As well, the diaphragm must be supple. It is not unusual to require a new every 2-3 years. If it is not, significant changes in atmospheric pressure are not compensated for and require needle valve changes for altitude variations and weather conditions.
Jan 24, 2017, 02:11 PM
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kimchiyuk's Avatar
Quote:
Originally Posted by barracudahockey

Choke off, grab the spinner and rock the prop back and forth against the compression a few times.
What is the purpose of this? I've seen people do it, but never knew why. I've been flying gasses for years and never saw the purpose.
Jan 24, 2017, 02:22 PM
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exf3bguy's Avatar
Quote:
Originally Posted by kimchiyuk
What is the purpose of this? I've seen people do it, but never knew why. I've been flying gasses for years and never saw the purpose.
It activates the pump and brings fuel up into the carb but not into the engine. Saves a few full flips when starting.
Jan 24, 2017, 02:25 PM
Registered User
When preparing to flip start an engine, I'll do that - with the ign. turned off and the choke on. Each one of those bounces against compression counts as a flip as far as the fuel pump is concerned. You do need to be careful because too many of those "bumps" can absolutely flood an engine. I would advise against the practice until you get to know the engine pretty good, and it's very consistent regarding starting.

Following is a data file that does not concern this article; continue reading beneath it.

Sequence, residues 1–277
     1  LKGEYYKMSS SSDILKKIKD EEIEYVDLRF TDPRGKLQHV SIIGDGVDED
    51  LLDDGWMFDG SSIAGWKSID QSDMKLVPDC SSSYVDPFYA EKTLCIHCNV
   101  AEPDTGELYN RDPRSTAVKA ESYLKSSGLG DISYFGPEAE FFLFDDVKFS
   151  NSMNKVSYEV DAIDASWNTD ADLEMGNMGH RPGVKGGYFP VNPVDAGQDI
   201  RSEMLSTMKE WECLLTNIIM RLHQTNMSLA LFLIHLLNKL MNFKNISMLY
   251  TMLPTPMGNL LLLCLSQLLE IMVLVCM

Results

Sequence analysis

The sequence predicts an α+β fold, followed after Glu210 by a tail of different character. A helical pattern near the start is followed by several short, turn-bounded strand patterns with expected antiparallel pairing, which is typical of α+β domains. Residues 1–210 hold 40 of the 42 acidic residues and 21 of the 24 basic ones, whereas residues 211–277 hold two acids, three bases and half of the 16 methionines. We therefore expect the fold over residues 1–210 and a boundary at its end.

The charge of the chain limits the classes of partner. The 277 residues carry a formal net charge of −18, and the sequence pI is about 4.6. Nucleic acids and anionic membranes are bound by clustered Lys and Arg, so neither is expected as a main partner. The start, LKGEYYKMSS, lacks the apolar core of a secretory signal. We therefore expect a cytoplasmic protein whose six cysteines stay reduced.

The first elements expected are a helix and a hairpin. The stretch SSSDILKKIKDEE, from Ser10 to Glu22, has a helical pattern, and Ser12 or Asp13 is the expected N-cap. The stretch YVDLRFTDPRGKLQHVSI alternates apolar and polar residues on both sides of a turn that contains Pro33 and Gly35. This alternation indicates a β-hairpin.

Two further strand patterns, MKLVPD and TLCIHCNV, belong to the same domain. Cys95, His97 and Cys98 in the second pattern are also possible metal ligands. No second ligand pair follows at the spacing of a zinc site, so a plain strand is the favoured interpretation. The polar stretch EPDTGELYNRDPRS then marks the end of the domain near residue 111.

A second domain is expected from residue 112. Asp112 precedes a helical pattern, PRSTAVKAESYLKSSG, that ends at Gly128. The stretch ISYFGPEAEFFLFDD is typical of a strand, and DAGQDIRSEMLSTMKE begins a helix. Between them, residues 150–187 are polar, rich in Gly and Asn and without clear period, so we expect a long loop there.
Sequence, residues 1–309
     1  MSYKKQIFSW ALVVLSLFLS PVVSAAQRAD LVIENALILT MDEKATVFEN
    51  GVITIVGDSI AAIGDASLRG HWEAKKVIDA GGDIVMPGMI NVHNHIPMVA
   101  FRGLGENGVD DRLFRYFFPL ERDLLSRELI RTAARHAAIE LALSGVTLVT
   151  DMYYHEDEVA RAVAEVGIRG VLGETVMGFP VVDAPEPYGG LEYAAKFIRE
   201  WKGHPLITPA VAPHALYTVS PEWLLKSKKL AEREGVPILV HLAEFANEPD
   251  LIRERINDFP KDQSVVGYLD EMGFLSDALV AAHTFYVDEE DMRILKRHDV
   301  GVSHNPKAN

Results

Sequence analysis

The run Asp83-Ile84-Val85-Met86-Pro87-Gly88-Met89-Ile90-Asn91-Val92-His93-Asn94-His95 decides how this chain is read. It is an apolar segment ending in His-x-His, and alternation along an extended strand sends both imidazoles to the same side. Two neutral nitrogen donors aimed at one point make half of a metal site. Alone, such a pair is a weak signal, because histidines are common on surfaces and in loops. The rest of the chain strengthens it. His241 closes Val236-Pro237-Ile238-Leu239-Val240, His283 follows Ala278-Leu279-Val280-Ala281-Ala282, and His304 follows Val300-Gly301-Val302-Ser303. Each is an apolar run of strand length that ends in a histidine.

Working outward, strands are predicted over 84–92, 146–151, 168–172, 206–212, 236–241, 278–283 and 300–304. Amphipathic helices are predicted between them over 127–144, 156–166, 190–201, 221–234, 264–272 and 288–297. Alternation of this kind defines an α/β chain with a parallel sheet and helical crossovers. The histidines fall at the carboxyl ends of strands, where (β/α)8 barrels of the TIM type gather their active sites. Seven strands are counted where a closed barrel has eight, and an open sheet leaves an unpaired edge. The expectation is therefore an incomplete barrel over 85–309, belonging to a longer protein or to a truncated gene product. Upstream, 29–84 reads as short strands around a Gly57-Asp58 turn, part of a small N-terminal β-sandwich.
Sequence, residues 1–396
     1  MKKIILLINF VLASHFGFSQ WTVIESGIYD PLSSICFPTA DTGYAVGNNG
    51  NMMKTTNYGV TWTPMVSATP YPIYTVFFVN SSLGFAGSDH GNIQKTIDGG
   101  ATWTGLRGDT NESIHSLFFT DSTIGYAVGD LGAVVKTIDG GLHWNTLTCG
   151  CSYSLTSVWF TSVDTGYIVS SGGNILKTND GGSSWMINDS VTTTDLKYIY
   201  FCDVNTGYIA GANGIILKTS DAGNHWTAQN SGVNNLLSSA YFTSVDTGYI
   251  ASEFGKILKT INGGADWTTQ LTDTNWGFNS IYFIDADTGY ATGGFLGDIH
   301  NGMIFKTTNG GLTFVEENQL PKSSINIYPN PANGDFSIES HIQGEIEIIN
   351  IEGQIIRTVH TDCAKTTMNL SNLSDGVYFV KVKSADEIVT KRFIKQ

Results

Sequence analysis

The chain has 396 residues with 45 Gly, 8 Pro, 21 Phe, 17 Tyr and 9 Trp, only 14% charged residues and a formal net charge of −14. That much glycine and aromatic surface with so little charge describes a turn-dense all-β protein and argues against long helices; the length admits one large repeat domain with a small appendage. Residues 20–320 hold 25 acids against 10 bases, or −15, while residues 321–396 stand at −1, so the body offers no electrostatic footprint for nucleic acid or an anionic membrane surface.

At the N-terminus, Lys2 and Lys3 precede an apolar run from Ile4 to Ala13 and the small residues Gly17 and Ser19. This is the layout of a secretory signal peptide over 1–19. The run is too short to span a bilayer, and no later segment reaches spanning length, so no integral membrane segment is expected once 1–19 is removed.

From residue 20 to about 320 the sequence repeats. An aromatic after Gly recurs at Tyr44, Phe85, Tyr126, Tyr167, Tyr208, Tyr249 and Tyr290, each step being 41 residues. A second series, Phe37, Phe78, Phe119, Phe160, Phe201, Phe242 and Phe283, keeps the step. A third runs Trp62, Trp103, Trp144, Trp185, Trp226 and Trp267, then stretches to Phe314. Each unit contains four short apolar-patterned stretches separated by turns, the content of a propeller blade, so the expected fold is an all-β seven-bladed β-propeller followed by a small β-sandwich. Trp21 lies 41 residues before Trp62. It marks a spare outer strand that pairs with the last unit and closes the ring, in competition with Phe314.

For first start of the day, ign. off, choke on, and bump 10 times (no more!). Ign. turned on, choke off, and a couple flips generally start them. If not running by 3-4 flips, leave the ign. on, engage the choke, and flip until it pops. Choke off, flip a couple of times to start. Do not "bump" beyond those first 10 or so. It really is easy to flood if you do. -Al
Jan 24, 2017, 02:26 PM
Multi-Platform Pilot
barracudahockey's Avatar
Different techniques, hopefully same result.